Sen. Elizabeth Warren made fighting corruption her top priority during the 2020 Democratic primary. It may not have appeared that way in the press, which portrayed the senior senator from Massachusetts as a female Sen. Bernie Sanders. The majority of the coverage centered on her audacious economic ideas, such as a wealth tax. When asked what her main political focus was, Warren never hesitated to say that fighting corruption should come first — owing to her commitment to enacting progressive economic policies.

Warren’s point of view is, sadly and perhaps unexpectedly, unpopular. Republicans clearly do not consider corruption to be a bad thing these days, which is yet another reason why they support Donald Trump. Even on the left, where everyone says they’re against corruption and where voters, in particular, always agree that ending corruption is a good idea, there’s a gap between saying you’re against it and actually working to eradicate it.

When it comes down to it, not enough people are willing to put in the time and effort required to make fighting corruption a priority. Activists are more likely to devote their efforts to causes such as health care and climate change. When Democrats gain power, they are drawn to policy battles that offer tangible rewards, such as increased social spending, rather than the more abstract and far-flung discourse about lobbyists and corruption.

But, as the current saga on Capitol Hill demonstrates, Warren was correct all along. Democrats and their supporters may wish to pass progressive legislation addressing wealth inequality, climate change, and a lack of health care. However, corrupt business interests continue to obstruct them. It’s like trying to make a dress when your sewing machine keeps getting stolen.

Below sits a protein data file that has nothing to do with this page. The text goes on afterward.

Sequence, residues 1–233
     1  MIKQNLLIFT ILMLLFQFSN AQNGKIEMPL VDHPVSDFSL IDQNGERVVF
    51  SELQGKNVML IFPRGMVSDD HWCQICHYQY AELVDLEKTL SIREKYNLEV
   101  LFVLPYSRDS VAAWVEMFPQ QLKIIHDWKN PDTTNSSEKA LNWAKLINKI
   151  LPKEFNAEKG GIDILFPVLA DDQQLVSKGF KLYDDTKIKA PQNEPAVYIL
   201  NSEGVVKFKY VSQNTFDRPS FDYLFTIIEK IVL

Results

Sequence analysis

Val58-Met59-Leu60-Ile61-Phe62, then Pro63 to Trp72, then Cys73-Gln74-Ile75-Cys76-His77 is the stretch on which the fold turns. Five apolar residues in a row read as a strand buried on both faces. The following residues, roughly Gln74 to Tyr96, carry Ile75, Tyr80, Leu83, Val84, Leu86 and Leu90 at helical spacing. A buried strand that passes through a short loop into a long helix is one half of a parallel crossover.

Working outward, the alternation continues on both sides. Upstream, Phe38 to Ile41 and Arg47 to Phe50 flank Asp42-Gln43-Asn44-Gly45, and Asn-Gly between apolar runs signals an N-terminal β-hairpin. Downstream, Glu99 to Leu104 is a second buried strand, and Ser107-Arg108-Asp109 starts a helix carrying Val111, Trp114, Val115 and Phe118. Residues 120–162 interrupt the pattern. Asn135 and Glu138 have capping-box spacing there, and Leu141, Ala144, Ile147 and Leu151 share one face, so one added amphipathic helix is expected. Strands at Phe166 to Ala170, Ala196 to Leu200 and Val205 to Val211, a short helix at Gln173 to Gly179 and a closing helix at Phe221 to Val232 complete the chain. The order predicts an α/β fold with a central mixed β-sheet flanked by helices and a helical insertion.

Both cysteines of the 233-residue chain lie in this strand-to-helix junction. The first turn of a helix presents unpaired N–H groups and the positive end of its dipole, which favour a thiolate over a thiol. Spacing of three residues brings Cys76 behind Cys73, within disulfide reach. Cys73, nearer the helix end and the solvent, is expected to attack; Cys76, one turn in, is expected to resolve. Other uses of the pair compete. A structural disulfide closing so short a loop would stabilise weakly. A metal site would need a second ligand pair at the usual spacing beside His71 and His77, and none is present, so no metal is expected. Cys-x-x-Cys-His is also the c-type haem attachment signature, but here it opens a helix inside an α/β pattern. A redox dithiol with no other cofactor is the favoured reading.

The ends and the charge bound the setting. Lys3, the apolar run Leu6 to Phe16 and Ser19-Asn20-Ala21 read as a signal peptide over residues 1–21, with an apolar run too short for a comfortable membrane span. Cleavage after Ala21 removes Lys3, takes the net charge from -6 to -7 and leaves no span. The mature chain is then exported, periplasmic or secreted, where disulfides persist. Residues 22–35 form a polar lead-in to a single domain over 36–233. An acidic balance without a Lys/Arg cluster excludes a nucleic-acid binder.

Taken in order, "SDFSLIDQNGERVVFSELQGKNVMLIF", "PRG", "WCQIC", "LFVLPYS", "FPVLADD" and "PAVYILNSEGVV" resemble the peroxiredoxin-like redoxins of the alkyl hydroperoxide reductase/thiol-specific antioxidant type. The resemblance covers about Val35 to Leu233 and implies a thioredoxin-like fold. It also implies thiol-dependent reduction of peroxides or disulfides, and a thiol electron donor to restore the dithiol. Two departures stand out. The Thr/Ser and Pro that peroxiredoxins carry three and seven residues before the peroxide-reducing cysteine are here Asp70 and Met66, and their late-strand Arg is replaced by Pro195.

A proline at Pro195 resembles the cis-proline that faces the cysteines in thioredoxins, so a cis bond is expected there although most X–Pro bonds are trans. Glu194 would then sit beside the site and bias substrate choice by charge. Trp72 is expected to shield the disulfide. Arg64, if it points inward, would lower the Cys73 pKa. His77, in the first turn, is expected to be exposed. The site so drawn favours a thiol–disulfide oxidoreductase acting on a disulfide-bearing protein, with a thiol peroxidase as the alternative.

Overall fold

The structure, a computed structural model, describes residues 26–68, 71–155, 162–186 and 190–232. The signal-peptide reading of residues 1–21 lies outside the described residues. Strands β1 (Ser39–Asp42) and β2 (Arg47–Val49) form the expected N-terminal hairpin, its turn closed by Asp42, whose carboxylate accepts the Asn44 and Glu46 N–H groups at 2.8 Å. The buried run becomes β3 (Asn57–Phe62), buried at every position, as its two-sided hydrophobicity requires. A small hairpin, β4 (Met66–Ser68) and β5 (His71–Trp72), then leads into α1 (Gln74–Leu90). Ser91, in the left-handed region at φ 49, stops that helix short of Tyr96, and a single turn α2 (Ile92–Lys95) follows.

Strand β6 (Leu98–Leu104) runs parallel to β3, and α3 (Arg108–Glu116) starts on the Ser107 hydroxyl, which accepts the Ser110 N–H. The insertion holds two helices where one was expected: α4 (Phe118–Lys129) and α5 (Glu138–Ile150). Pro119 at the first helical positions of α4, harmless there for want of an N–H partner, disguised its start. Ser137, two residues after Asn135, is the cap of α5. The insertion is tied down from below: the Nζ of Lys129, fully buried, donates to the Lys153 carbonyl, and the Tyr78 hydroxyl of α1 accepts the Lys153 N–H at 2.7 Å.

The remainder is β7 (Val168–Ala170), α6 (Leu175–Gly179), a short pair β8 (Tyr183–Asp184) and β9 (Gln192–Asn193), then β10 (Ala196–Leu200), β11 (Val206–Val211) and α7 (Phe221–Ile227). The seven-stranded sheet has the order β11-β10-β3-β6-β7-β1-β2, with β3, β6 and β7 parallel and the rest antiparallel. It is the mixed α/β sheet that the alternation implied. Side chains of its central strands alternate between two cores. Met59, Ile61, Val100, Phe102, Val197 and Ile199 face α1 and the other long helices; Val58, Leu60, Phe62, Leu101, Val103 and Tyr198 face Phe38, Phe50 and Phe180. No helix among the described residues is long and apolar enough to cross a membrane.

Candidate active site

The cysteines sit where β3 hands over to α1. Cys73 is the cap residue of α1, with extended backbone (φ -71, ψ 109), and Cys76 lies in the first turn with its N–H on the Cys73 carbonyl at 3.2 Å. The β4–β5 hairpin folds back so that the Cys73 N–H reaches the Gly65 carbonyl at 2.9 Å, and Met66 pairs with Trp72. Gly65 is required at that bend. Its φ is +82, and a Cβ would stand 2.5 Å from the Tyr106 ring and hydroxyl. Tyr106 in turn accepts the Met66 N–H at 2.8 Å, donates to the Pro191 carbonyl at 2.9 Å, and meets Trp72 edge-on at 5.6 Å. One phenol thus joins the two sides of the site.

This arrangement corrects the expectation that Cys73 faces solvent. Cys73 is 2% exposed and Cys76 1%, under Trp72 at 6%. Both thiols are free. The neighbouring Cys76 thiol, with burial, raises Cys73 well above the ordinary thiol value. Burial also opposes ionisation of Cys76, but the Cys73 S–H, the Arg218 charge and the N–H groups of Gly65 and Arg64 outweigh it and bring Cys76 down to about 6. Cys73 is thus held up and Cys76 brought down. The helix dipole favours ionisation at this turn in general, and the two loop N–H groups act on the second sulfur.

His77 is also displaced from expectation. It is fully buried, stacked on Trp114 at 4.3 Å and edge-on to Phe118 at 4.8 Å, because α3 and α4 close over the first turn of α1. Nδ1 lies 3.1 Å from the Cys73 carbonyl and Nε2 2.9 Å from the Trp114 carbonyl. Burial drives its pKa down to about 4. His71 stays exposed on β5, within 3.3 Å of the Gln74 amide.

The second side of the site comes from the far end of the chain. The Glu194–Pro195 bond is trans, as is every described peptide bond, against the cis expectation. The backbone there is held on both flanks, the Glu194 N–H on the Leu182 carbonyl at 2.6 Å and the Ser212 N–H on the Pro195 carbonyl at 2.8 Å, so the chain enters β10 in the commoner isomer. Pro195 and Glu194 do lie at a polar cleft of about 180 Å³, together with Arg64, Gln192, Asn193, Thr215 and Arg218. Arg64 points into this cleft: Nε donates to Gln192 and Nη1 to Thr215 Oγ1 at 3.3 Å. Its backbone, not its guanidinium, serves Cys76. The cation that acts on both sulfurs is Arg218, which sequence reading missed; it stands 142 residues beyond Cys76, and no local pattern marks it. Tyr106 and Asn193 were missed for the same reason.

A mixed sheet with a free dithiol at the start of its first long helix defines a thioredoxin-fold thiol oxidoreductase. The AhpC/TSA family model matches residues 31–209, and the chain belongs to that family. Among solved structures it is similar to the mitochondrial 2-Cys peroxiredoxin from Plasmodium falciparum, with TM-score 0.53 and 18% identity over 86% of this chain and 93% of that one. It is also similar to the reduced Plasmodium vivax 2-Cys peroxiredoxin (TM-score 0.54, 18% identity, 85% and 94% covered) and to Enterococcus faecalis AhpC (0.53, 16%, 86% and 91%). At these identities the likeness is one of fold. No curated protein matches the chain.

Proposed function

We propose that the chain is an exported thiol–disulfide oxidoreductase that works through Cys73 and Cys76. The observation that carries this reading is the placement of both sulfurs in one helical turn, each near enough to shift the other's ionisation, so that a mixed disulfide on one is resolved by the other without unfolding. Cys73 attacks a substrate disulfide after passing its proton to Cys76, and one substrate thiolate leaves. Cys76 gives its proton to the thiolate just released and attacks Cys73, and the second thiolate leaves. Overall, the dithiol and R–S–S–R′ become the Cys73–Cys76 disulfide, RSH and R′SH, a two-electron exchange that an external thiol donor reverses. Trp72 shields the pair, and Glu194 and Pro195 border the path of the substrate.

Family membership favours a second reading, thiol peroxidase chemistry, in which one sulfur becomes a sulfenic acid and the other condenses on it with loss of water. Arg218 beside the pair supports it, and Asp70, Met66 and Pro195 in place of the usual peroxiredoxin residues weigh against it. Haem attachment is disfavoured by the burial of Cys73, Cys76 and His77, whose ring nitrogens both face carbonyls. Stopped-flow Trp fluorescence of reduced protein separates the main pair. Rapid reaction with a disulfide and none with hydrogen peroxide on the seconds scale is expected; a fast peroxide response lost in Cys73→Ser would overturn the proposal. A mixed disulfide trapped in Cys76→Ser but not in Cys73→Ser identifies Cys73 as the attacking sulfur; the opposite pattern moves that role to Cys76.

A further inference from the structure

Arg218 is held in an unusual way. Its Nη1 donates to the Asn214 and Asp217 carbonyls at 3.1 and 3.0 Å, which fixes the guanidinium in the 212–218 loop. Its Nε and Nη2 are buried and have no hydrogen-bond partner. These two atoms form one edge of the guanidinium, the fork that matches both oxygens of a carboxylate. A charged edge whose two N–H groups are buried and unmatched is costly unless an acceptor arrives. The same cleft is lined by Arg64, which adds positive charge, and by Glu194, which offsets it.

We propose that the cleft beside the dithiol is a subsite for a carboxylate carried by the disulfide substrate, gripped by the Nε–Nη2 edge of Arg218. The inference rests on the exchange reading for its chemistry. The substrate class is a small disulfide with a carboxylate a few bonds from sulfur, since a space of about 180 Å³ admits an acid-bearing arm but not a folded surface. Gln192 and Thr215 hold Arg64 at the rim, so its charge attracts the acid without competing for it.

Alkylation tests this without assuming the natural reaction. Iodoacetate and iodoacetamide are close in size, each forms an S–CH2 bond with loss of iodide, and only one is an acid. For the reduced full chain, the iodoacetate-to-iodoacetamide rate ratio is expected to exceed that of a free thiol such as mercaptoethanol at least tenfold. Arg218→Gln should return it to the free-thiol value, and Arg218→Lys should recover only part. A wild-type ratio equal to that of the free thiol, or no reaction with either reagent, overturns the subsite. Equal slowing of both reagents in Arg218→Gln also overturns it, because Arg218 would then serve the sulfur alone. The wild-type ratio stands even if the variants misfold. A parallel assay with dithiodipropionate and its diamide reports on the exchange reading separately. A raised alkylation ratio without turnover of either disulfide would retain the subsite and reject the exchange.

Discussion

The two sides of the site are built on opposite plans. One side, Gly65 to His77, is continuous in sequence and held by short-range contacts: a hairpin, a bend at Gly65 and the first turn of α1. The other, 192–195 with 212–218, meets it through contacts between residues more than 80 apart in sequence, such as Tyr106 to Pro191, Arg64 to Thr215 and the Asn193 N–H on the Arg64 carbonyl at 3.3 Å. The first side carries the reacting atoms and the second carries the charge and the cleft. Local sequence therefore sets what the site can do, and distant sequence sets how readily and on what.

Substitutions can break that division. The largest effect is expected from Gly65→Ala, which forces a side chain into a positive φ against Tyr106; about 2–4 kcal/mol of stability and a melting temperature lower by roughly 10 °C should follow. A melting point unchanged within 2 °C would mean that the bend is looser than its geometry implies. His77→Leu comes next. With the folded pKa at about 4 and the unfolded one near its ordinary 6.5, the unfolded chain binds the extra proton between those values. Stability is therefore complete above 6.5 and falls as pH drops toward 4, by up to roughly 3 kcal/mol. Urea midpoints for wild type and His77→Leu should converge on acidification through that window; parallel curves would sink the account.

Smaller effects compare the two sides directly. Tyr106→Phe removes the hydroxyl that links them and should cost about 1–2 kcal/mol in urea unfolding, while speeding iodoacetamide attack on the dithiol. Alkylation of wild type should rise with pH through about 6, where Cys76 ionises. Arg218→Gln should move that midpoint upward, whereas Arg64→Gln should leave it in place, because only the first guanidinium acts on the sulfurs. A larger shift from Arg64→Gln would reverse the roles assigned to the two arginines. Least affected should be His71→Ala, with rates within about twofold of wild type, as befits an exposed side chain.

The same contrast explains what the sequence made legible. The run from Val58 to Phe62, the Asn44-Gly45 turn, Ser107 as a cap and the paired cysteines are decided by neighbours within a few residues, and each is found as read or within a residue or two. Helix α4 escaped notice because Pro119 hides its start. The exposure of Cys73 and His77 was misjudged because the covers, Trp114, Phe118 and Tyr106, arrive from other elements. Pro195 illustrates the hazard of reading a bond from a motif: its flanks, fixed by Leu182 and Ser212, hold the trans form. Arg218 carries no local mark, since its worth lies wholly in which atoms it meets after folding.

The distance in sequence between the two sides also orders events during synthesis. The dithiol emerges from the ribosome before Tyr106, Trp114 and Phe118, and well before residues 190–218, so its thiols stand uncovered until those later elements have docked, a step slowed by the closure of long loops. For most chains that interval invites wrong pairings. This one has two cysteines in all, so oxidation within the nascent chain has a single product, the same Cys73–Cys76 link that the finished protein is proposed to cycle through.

Biden and Sanders are learning the hard way as their joint vision for the Build Back Better plan — a comprehensive set of bills aimed at addressing climate change, reducing poverty, ensuring child care, expanding health care, and strengthening American infrastructure, among other things — teeters on the brink of failure. After months of carefully crafting a two-track plan in which moderate Democrats would support the progressive agenda in exchange for progressives supporting the moderate agenda, a handful of centrist Democrats in the House and Senate are about to blow it all up by breaking their end of the bargain.

The Senate Betrayal Caucus’ two most prominent members are, of course, Joe Manchin of West Virginia and Kyrsten Sinema of Arizona. Both are throwing their weight around, clearly attempting to derail Biden’s agenda while claiming not to. Instead, they offer an endless stream of incoherent, even nonsensical, explanations for why they can’t just suck it up and vote for the two-bill track agreed upon by the Democratic caucus.

Everyone has a favorite reason, but the most likely is the most boring: They’re being dishonest because they don’t want to be honest about their true motivations. Looking at their track records, it’s difficult not to notice that both enjoy being wined and dined by some of Capitol Hill’s sleaziest lobbyists and fundraisers.

The pharmaceutical price control policy is one of the most popular items on Biden’s agenda, at least among voters. However, a small group of Democrats in the House removed that provision from the bill, and they’re barely pretending it’s for any reason other than to appease pharmaceutical lobbyists.

Lobbyists have Sinema’s ear, but neither her party nor her constituents do. The Democratic Party of Arizona is threatening her with a vote of no confidence, and her response was somewhere between a shrug and a finger. Activists are raising funds to support a primary challenger to her. She may be such an egomaniac that she believes she will have a great re-election after teeing off her own voters, of course.

Corruption isn’t a glamorous topic, but focusing on it can pay huge dividends when it comes to furthering progressive causes. Take, for example, gun control. Decades of rational argumentation and emotional appeals had little effect on policy. Even in the face of children being murdered in schools repeatedly, Republican politicians have successfully blocked all bills, and Democrats didn’t even bother making it a priority when they got power.